Why Mental Health is Everybody’s Business

The statistics surrounding mental health make a sobering read. In 2018 there were 6,507 suicides in the UK, a rise of 10.9% on the previous year. To put this into context, road deaths in the UK accounted for only 1,770 incidents in 2018.

It’s about time we made mental health everybody’s business, as small changes can make a big difference.

Recently, I have been lucky enough to become a mental health first aider through a course run by Mental Health England. Before this point I am the first to admit, if I noticed someone was ‘a bit down’ I would just tell them to ‘cheer-up’. Partly, this was because I didn’t know how to respond appropriately, but also because I didn’t recognise the signs of a potentially much deeper issue.

I attended the course because a some of our staff at d&t had needed to take time off this year. 132 days off sick to be precise. As an employer beyond providing leave, I felt helpless to offer the support they really needed. I didn’t know how to ‘say the right things’ or how to deal with the situation. Knowing what I do now, I feel I could have helped refer these valued individuals earlier and assisted them on their road to recovery much sooner. Therefore, I’m keen to share some of what I’ve learned and encourage other franchisors to attend similar courses, as even if they can help just one person, it will be worth-while.

Firstly, it is important to realise just how widespread mental health issues are. Suicides are three times more prevalent in men than women, with the 45-49 age range most at risk. But really anyone can suffer mental health issues at any time. I do believe technology has played a part. Mobiles mean we are always contactable; it makes it hard to switch off. Similarly, firms are working ‘leaner’ and trying to do more with less resources and this all adds to the pressure staff and franchisees face on a day-to-day basis, which can compound with lesser strains.

The second step is to recognise signs that an employee, franchisee or colleague is struggling. Signs are varied but might show as a change in demeanour, mood or habits. They may become more insular and take themselves off at lunch time, when before they were part of a group. They may start arriving consistently late for work and leaving early. Sudden weight gain or loss can also be a sign. In fact, any changes to the norm could indicate someone is facing challenges.

The next point is to check in with them. “I’ve noticed…” They may open-up immediately, or not, but you need to make them feel comfortable to do so. Give them your full attention, by turning off your phone or shutting your laptop. Make sure they know you have time for them, and they are not an ‘inconvenience’ and that the conversation is between you and them and not ‘on behalf of the management’.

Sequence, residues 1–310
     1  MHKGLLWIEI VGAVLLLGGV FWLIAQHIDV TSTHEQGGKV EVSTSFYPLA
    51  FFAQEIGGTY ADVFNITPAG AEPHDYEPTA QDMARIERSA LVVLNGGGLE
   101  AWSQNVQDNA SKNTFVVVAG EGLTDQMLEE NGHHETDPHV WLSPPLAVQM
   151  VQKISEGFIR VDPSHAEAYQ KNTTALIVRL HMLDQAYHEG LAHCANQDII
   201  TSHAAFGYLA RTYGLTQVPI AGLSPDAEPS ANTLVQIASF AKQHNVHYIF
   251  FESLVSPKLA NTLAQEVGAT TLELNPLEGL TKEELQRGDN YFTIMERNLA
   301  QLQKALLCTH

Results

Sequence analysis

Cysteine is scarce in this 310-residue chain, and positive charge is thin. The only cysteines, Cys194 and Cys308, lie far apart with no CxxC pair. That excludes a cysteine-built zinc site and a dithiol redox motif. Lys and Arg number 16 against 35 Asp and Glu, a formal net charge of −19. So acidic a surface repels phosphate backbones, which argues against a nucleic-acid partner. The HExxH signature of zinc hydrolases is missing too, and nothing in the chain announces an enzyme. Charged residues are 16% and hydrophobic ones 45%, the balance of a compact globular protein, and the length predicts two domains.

If it becomes clear there is an issue, then making them feel like they are not alone is key. It is also important to ask the question ‘have you ever felt suicidal?’ If they say yes, you should ask if they have a plan. Referring them for help requires them to recognise and admit to themselves they need that help.

The Hub of Hope https://hubofhope.co.uk/ is a good place to start. “Let’s ring them together…” can be the start to providing them with the qualified help they need to get better. It’s an app and online portal that is a national mental health database, bringing together organisations and charities from across the country who offer mental health advice and support, together in one place. It allows people to find services nearby.

Noticing the signs early and being able to help by listening may make people feel ‘all is not lost’. It is also not just people who seem ‘down’ that should be a cause for concern. Sometimes, if someone has visibly become more cheerful, it may mean they have made a plan to end their current situation.

As franchisors we have a duty of care to our franchisees, over and above helping them to earn a living. This will invariably be one of the most stressful periods of their life, having invested savings, inheritance or having quit their day job. As a preventative measure, it is important to encourage staff and franchisees to take good care of themselves. Food, diet, health, fitness all plays a part, as does simply going for a walk at lunchtime or taking time out to a chat with friends.

It’s a legal requirement to put the first aid certificate on the wall, but its also now time to take mental health just as seriously and let franchisees and employees know help is available. One tip we learned on the course, was to put notification of where to go for mental health help, on the back of the toilet door.

According to the mental health charity Mind, one in four people will experience a mental health issue each year. I hope this article has inspired some franchisors to take a mental health first aid course for the benefit of their franchisees and staff. Together, we can work to end the stigma by making mental health everybody’s business.

Originally posted by Business Franchise Magazine https://content.yudu.com/web/64r9/0A43vgb/BFMAR20/html/index.html?page=18&origin=reader